In the wake of Mary Cain's new American junior and high school 800m record...and also the first American in those categories under 2:00.0, I was trying to remember who the first women under 2:00.0 was and also the first American under 2:00.0?
Also, would like to know the race, circumstance and time of these firsts.
It's one of the things I love about this board...someone out there can always answer these questions...
Sin Kim Dan did it twice (1:59.1 and 1:58.0) in '63 and '64 respectively, but IAAF didn't ratify those marks. Hildegard Falck ran 1:58.45 at the '71 West German championships in Stuttgart, improving Vera Nikolić's official WR of 2:00.5 by a huge chunk, so she was the one who took the WR under 2:00. The first American was '68 Oly champ Madeline Manning-Jackson, who ran 1:59.81 at the '76 Oly Trials in Eugene.
LopenUupunut wrote:Sin Kim Dan did it twice (1:59.1 and 1:58.0) in '63 and '64 respectively, but IAAF didn't ratify those marks. Hildegard Falck ran 1:58.45 at the '71 West German championships in Stuttgart, improving Vera Nikolić's official WR of 2:00.5 by a huge chunk, so she was the one who took the WR under 2:00. The first American was '68 Oly champ Madeline Manning-Jackson, who ran 1:59.81 at the '76 Oly Trials in Eugene.
Yes, I had to look some bits up
Thanks for the contribution, LopenUupunut! One of the things I appreciate about these historical threads is the education it provides. Among the other things I didn't know about this topic, I had never heard of Sin Kim Dan. A bit from wiki:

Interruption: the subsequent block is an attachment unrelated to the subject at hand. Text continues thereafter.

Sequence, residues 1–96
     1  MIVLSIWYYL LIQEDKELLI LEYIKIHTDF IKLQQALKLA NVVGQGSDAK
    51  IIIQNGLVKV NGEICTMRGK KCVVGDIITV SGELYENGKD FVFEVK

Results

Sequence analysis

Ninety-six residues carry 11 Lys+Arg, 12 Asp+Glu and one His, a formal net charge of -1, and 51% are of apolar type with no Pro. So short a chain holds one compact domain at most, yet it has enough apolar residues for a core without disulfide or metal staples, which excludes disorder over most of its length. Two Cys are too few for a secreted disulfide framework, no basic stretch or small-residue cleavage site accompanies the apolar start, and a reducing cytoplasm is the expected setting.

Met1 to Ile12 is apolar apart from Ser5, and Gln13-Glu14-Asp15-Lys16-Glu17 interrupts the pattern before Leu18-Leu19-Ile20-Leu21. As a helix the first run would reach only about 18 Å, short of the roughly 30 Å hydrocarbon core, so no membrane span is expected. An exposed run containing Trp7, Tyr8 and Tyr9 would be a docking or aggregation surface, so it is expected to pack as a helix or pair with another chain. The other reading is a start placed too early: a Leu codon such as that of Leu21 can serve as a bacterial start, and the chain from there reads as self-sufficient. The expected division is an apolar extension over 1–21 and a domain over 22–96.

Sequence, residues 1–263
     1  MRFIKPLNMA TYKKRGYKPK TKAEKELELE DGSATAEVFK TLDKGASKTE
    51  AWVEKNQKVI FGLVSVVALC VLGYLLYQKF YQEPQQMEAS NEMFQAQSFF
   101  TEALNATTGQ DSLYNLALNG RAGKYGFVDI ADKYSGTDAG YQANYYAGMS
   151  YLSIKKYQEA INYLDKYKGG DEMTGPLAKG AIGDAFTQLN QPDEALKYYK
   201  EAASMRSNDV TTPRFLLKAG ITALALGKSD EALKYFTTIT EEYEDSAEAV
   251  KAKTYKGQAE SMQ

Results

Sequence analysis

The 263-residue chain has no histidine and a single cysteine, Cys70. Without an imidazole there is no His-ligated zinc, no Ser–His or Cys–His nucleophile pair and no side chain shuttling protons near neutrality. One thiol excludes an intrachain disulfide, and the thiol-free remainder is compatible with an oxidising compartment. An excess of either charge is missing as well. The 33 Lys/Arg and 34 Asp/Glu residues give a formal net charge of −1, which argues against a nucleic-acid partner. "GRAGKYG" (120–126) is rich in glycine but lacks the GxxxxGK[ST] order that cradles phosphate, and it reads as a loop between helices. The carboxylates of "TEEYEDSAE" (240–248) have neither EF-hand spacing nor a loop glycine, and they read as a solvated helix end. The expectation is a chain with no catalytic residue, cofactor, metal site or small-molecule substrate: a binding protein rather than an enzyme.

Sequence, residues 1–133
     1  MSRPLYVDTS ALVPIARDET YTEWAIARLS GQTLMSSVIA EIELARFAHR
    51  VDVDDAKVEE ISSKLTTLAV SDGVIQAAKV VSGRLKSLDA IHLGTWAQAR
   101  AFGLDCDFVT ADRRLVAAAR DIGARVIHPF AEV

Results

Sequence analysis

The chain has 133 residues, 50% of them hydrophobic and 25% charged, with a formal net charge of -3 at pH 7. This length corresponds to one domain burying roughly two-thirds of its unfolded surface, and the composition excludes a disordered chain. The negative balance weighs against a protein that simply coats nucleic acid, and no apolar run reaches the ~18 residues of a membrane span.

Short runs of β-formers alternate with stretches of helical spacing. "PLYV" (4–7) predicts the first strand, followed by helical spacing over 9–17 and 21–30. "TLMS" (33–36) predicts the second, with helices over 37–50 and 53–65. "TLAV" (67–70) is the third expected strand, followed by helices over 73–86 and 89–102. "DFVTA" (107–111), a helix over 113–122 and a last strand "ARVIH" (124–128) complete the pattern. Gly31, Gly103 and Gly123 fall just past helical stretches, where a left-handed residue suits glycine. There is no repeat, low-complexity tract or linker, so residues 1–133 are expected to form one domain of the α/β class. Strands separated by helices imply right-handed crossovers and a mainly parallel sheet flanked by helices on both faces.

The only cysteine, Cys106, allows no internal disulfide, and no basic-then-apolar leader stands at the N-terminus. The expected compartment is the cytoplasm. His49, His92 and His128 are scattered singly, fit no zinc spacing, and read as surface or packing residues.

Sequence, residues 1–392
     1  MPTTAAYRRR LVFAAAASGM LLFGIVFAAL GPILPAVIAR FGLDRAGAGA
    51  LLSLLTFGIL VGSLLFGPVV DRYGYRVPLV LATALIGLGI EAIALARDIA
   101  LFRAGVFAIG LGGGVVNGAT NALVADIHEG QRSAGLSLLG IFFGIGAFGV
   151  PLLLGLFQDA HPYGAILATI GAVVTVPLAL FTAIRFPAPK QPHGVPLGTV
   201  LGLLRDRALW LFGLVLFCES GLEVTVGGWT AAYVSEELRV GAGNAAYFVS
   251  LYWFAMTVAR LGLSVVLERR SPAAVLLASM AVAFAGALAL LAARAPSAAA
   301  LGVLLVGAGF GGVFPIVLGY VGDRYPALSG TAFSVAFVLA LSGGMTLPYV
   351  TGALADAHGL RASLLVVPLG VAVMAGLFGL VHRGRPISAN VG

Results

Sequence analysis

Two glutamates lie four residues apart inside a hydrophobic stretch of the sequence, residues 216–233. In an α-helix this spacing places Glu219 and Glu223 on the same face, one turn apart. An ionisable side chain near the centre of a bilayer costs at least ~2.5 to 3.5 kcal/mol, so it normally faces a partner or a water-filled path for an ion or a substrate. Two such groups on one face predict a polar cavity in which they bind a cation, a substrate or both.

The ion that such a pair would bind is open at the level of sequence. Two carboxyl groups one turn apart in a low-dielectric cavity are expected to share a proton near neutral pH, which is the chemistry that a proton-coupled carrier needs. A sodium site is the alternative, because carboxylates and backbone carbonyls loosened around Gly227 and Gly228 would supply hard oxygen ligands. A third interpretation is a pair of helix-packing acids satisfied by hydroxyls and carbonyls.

Ok, I was just reading the wikipedia article getting upset that politics of war had prevented Shin from getting the WR and then ... it turns out that Shin may not have qualified for the womens record in the first place? If so, how would Shin be considered first?
The operative word there is "may" For some or other reason, women's 800 has attracted no end of rumors about various runners being biologically male; rumors aren't evidence, though, and are completely baseless as often as not.
Caster Semenya's gender has been questioned even by IAAF, but she's still the 2009 World Champion. Half the people in the crowd at Helsinki '83 called Kratochvílová "Jarmo", but she still holds the WR. The same logic applies to Sin/Shin: you don't throw her achievements out based on mere rumors, solid evidence is required.
I am afraid I was one of those cheering for "Jarmo" then.
BUT – isn't there one essential difference between her time and both Shin's and Semenya's? Namely, in the 80s all female athletes were routinely gender-tested (on the basis of chromosomes, I think). Hence, nobody could seriously suspect that Kratochvilova is male, however masculine she may have looked.
the sin kim dan 'not being a woman' story feels like it was just simply a viscious story put forward by many people who couldn't stomach the thought of a woman from asia/communist bloc beating the WR. of course, she is an enigma as so little is known about her. there are vague newspaper stories of an old korean man claiming that she was his long-lost son. but i also recall reports that said she got married and had kids. fascinating as she should be one of the great figures of athletics history but because she's from this shadowy regime we know nothing about her and just dismiss her as 'another of those women of dubious gender'. i'm not even sure if shes still alive or not. she had great times at 400m too.
Yeah, I'd be careful about that Wikipedia story. Gender problems need to be confirmed and not just rumours. In one of his earliest editions, David Wallechinsky hoted that Iolanda Balas was suspected of being a man. I pointed out to him that she got married and had children and he later took it out. But those rumours get out there a lot.